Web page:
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Measuring performance of audio interfaces

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some discussion has arisen in other threads about testing the devices we commonly use for recording, by measuring actual performance to the best of our ability.

The desire to measure for me was born out of necessity. One of my main recording devices i use is the DPA MMA d:vice unit, which uses a synchronous USB connection to iOS, which puts it at the mercy of the phone's clock timing which can potentially create jitter, i needed to be able to generate an FFT plot of a 10K sinewave fed to it to look for possible jitter sidebands. Which was a little bit of a learning curve in understanding FFT plots, filtering, windowing, etc., to get usable results.

in a similar time period, i was reading many threads on the audiosciencereview forum, and gaining a better understanding of what measurements are done, and why, and what effect different types of noise have on the resulting sound. While that forum is mostly playback-centric, they do on occasion do some ADC tests

the main person at that site, user amirm, has amassed an impressive collection of measurements using his Audio Precision APx555 analyzer. The site in general is a great resource for those interested in exploring new gear. you can look at any individual review by clicking on the name of the DAC in the list on the left. You can read more about the APx555 unit here. The embedded youtube video by Dr. Tom Kite is highly informative.

Lacking the motivation and spare change to buy a $30,000 analyzer for a hobby, further reading on that forum led me to several other options for measurements.

While more economical stand-alone signal analyzers can be had, the modern day DACs and ADC combos have really come of age, and have the resolution to measuring most field recording equipment we use in excess of 110dB (human hearing is thought to have a maximum dynamic range of 116 dB, state-of-the-art (SOTA) playback systems are north of 120 dB

one ADC/DAC of choice for measurement is the RME ADI-2 PRO FS-R BE. As you can see from its loopback measurements, it has sufficient specs to measure the gear that we commonly use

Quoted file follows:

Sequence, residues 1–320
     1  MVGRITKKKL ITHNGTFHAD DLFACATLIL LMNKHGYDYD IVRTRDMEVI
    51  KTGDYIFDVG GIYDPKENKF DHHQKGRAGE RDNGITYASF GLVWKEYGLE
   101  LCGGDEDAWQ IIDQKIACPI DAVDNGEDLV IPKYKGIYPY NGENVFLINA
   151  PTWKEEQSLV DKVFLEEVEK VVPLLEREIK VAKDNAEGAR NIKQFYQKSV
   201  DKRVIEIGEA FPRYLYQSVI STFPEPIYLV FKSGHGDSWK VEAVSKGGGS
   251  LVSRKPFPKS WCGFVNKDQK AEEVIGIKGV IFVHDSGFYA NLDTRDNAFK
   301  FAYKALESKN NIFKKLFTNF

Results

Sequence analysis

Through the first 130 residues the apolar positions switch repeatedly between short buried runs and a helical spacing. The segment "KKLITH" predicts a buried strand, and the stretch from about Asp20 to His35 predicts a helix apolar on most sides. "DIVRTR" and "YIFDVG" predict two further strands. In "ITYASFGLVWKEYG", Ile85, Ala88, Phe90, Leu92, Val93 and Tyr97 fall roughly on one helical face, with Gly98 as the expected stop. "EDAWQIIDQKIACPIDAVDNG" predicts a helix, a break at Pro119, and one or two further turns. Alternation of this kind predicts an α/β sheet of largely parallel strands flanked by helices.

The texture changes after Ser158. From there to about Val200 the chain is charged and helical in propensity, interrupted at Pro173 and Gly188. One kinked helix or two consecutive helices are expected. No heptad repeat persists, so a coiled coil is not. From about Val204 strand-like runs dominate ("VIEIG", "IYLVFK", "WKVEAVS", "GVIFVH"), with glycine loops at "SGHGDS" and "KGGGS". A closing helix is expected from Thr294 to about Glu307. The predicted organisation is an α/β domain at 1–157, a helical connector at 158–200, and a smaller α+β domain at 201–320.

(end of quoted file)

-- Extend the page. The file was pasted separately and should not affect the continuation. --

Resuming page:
However, one need not break the bank to find measurement-quality interfaces. As you can see from this link, cheaper, more common interfaces can also be effective for measuring gear as well, particularly the handheld recorders that are popular around here, which usually top out at around 100 dB of dynamic range

here are some measurements ive done on both dedicated ADCs and handhelds, the dedicated ADCs beat them handily, however, this could partially be a consequence of the higher input levels they are designed to receive

Fortuantely for our purposes, we are measuring ADC stages, where DACs are a bit more mature, and looking at those numbers, one can see that almost any decent modern DAC can generate a signal clean enough to test all the handhelds at least. All the signals for the test above were played from a Mytek Brooklyn DAC+ which has a signal-to noise of around 116 dB at its +22dBU output. Not quite the performance of the RME unit but in same class.

I could have likely gotten similar results on the handhelds with my sub-$100 Grace SDAC which measures pretty well for what it costs

I am reserving the rest of first page to allow us a space to create a wiki, which will highlight the most useful and relevant software packages, and some test methodology that we can use. My hopes are that this is an iterative document and we can contribute to advance each others' understanding and capabilities

Reserved: Rightmark Audio Analyzer

Reserved: Room EQ Wizard (REW)

Reserved: Discussion of noise relative to input level and why it is important in our context

Reserved: noise floor measurement


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